Marc Albrecht


About Me



My Tutorials

obj-image Quick Tips
Quicktip: Tearing Cloth Setup
obj-image Quick Tips
Using the Treeview for Rigging
obj-image Beginner
Walkthrough: Cloth Sim for a Movie Shot
obj-image Quick Tips
Getting Weightmaps into H16
obj-image Quick Tips
Wind for Cloth Sims in H16
obj-image Quick Tips
Adding a Flipbook Framecounter

Recent Forum Posts

3 point align of 2 similar meshes (like in Maya) Oct. 23, 2018, 3:03 p.m.

Hi, Olivier,

it's been ages that I used Photoscan (not because it's bad, but simply because of dev requirements) - so I cannot tell for sure if Photoscan has a world-lock-function like RealityCapture.

The idea is this: When you do photogrammetry, the points in space you get have no “origin”, even if you have a metric cube in your scanned scene, you first have to tell your pipeline, which points (on the cube) belong to the reference system. In RC this is what ground points are for: By defining points (2d on images, relating to 3d in the point cloud) to sit at given coordinates in your world space, the model you get “simply” gets rotated/scaled/transformed to that universe. Actually, it doesn't get transformed, it's just that the point coordinates are matched up.
In your case - with a rotating object - you'd need to adjust the reference (world space) accordingly, meaning, you'd need to rotate the rock in a “known way”, so that your ground points rotate along. I'm certain that photoscan has something like this “hidden somewhere”
Since this *should* be part of any photogrammetry pipeline that works with “interlocking” meshes (aligning from one scan to another or, bob beware, even combining Lidar with Ph*metry), aligning meshes - in theory - “is part of the process”.
(I say “in theory”, because in reality ph*metry comes with its own pitfalls in terms of large-model-precision (floating point issues, from my perspective, being the most likely reason).)


3 point align of 2 similar meshes (like in Maya) Oct. 21, 2018, 12:12 p.m.


haven't looked at the HIP (but will do ASAP), but:

> The result is 2 meshes of different scale/rotation/translation/topology.

… if you are using a tool like RealityCapture, this should not happen if your workflow is set up correctly. Groundpoints are used to make sure that your (arbitrary) local space gets mapped to a common global space correctly, so that (small) objects align pixel-perfect.
With large scale objects (landscapes of >400m with fine detail) the nature of photogrammetry may still introduce issues (lens calibration errors, floating point limitations etc), but everything that fits inside your room should be fine.


for(int i = 0; i < points; i++) explanation? Oct. 12, 2018, 3:14 a.m.


BabaJ's explanation is complete, but maybe a different wording helps, too …

“for” is one way of creating a loop. A loop is a block of program code that gets executed over and over again - usually, with start conditions being set, end conditions being checked and something being done after each iteration of the loop has ended.
In the case of “for”, these three components of a loop are defined as:

for ( Setup ; End-Condition-Check ; What-To-Do-After-Each-Run )

Setup: You do not NEED to set up anything, if you can check for something to have happened inside the loop. However, in most cases you want a loop to run a defined number of times, so you need a “timer”. The variable “i” is that timer. A timer has to start somewhere - you can either set it to your maximum number of runs/iterations (which would be the number stored in the variable “points”) here and then subtract 1 from your timer after each run of the loop OR you start at a given value (0 or 1, usually) and increase the timer after each iteration.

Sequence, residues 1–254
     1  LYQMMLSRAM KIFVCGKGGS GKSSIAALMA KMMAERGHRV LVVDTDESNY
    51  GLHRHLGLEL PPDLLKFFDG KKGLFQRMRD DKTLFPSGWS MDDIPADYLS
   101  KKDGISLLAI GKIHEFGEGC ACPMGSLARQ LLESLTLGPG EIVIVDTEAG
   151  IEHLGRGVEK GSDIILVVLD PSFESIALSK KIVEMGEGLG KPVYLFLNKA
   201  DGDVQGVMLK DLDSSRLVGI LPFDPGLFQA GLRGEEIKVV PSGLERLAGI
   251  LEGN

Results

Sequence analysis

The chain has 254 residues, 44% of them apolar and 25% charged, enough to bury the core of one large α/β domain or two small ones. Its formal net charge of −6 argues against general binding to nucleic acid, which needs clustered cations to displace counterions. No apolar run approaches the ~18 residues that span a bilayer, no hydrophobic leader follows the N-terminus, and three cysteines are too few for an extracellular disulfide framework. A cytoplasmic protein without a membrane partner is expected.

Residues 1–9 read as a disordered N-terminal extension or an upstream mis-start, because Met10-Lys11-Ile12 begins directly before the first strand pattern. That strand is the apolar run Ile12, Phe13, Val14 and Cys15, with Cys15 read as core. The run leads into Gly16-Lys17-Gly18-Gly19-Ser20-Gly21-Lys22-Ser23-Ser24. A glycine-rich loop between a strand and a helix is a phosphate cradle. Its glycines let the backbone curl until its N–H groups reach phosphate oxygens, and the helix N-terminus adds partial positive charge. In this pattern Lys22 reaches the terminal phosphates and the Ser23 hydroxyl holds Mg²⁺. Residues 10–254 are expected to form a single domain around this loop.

Saying “i=0” sets the timer to 0. It's 0, because in the computer world things start at 0, not at 1.
That's all the for-loop sets up in your case. You get a local (temporary) variable (your timer i) and after each run that timer is increased by 1 (the short form “i++” being lazy-programmers-make-it-look-like-magic speak) and compared against your end-definition.

End-Condition-Check: Before the iteration is run, this condition is being checked. Saying “i<points” will be a TRUE statement, as long as your timer “i” is smaller than the number in “points”, and FALSE once it is equal (or larger) than points. The loop will stop once the condition-check returns FALSE. As long as it returns TRUE, the loop will continue.
You could have a statement like “1==1” in that second part of the loop-definition. That comparison would always be true (1 always equals 1). So the loop would run indefinitely. You could BREAK it from inside the loop once some other condition is met.
You could have a statement like “1==0” in that second part of the loop-definition. That comparison would always be false (1 is never equal to 0), so the loop would NOT RUN, because BEFORE the iteration starts, this condition is checked and, being false, the loop would not be allowed to do anything.

What-To-Do-After-Each-Run: Once an iteration is done, the program code in this block is executed and the next iteration is started (if the end-condition-check returns true). Saying “i++” is the same as saying “i=i+1”. But since programmers are lazy AND want non-programmers to think that they “know things” and “can do magic”, they came up with a lot of crazy ways of typing things that no sane person would understand.
It's like learning how to understand women. It does not have to make sense, it's about accepting the facts of life and that some things are just … weird.
I digress.

I hope this, even though it is basically the same that BabaJ said, is of some help. If you like this style of explain-o-matic, check out my book about “how to become a programmer” []. It's not about VEX, but does say a lot of things about loops, variables, women and life.